Cooley currently sits on seven advisory boards, including the ACLU of Southeastern Michigan, The Architectural Salvage Warehouse of Detroit, and The Center for Community Based Enterprise. This is all in addition to co-owning Slows BBQ restaurant, and real estate and development firm, O'Connor (he founded both with his brother).

"I can't imagine leaving anytime soon," he says. "In a sense, this is utopia."

Nov 20, 2010, 8:00 PM
Why couldn't the old Cass Tech be reused? What a gorgeous building! Lack of imagination? No market demand? Damn shame indeed!

No, just no. It needed to be torn down it was ridiculously out of shape and blocking the gorgeous new building behind it.

Jan 11, 2011, 1:44 AM
This is actually the Cass Tech building being torn down?


I'm actually glad I didn't spend any time in Detroit when I passed through it two weeks ago... I'd rather not be aware of the extent to which nice architecture is bulldozed there. What a shame... Do people really believe new parking lots will help the downtown core in the long term? Wow.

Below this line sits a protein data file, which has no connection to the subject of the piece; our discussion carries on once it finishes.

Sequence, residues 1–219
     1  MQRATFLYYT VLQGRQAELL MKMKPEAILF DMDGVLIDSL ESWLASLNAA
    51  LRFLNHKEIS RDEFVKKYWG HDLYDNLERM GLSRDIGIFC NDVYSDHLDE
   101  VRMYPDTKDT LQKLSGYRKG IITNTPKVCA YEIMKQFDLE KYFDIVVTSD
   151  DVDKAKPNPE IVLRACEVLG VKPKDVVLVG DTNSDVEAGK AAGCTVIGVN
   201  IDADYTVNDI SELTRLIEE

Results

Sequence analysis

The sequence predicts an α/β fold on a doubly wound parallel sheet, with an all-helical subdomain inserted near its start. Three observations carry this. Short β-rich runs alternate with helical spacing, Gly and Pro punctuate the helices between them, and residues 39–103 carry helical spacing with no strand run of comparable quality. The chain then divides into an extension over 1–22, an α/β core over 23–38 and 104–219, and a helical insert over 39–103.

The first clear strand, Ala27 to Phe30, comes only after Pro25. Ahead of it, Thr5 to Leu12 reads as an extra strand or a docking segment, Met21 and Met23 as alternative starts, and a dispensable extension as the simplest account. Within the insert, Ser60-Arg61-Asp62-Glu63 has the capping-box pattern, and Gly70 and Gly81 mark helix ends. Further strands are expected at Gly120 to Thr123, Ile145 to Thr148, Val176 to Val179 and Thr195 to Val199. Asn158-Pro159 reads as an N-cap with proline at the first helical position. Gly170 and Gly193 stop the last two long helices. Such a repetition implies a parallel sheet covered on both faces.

Although I couldn't help but notice Michigan Central station was still standing (it's very visible from the bridge) for now...

mind field
Jan 11, 2011, 9:10 PM
Years of effort lands $50M for redevelopment of Broderick Tower
Tuesday, January 11, 2011
Source: Fred Beal, JC Beal Construction
Writer: Kelli B. Kavanaugh

Construction is really and truly underway at the 34-story Broderick Tower, long one of Downtown's most visible mostly-vacant skyscrapers. While other redevelopment schemes have been announced in the past, this time the project is a sure thing, says Fred Beal of JC Beal Construction, a member of the development team. "We did not announce the project this time until 100% of the financing was arranged," he says. "This is the real deal."


This is probably downtown's most iconic vacant building, towering over Woodward, the stadia and foxtown for all to see. I think it's redevelopment will send a strong message that downtowns renaissance is moving forward.

Jan 12, 2011, 7:26 AM
I agree. Symbolically, this is one of the better projects to get done given the location. It's hard to miss. And, from and urban planning perspective, it's impossible to see how this won't spur development along Lower Woodward and help to continue to reconnect the financial district and Foxtown.

Jan 12, 2011, 2:06 PM